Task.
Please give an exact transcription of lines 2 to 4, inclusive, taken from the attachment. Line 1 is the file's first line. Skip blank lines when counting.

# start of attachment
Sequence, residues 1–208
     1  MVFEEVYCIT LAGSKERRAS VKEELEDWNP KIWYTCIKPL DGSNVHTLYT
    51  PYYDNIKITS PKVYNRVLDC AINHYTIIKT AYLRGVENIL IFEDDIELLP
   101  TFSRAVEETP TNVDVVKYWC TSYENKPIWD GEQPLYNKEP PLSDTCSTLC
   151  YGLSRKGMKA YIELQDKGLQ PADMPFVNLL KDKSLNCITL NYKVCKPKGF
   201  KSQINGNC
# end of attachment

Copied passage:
     1  MVFEEVYCIT LAGSKERRAS VKEELEDWNP KIWYTCIKPL DGSNVHTLYT
    51  PYYDNIKITS PKVYNRVLDC AINHYTIIKT AYLRGVENIL IFEDDIELLP
   101  TFSRAVEETP TNVDVVKYWC TSYENKPIWD GEQPLYNKEP PLSDTCSTLC